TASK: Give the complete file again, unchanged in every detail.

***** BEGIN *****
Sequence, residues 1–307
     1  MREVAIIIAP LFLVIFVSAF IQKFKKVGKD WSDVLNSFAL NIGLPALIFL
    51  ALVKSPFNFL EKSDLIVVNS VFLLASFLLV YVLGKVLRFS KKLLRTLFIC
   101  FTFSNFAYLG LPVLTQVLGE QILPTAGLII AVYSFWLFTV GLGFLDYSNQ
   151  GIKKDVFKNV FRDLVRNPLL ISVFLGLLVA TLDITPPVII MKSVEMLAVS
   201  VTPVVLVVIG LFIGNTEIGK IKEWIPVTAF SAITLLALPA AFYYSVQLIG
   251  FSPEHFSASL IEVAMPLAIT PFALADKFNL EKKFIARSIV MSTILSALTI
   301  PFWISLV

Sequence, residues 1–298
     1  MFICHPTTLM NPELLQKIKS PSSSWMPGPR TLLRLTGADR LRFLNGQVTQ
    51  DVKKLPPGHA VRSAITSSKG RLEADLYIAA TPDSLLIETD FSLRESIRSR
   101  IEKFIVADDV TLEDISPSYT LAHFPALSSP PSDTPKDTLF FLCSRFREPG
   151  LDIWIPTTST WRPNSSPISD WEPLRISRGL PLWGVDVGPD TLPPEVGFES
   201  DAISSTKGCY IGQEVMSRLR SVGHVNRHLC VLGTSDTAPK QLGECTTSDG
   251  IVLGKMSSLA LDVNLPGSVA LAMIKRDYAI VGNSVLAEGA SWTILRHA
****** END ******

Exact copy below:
Sequence, residues 1–307
     1  MREVAIIIAP LFLVIFVSAF IQKFKKVGKD WSDVLNSFAL NIGLPALIFL
    51  ALVKSPFNFL EKSDLIVVNS VFLLASFLLV YVLGKVLRFS KKLLRTLFIC
   101  FTFSNFAYLG LPVLTQVLGE QILPTAGLII AVYSFWLFTV GLGFLDYSNQ
   151  GIKKDVFKNV FRDLVRNPLL ISVFLGLLVA TLDITPPVII MKSVEMLAVS
   201  VTPVVLVVIG LFIGNTEIGK IKEWIPVTAF SAITLLALPA AFYYSVQLIG
   251  FSPEHFSASL IEVAMPLAIT PFALADKFNL EKKFIARSIV MSTILSALTI
   301  PFWISLV

Sequence, residues 1–298
     1  MFICHPTTLM NPELLQKIKS PSSSWMPGPR TLLRLTGADR LRFLNGQVTQ
    51  DVKKLPPGHA VRSAITSSKG RLEADLYIAA TPDSLLIETD FSLRESIRSR
   101  IEKFIVADDV TLEDISPSYT LAHFPALSSP PSDTPKDTLF FLCSRFREPG
   151  LDIWIPTTST WRPNSSPISD WEPLRISRGL PLWGVDVGPD TLPPEVGFES
   201  DAISSTKGCY IGQEVMSRLR SVGHVNRHLC VLGTSDTAPK QLGECTTSDG
   251  IVLGKMSSLA LDVNLPGSVA LAMIKRDYAI VGNSVLAEGA SWTILRHA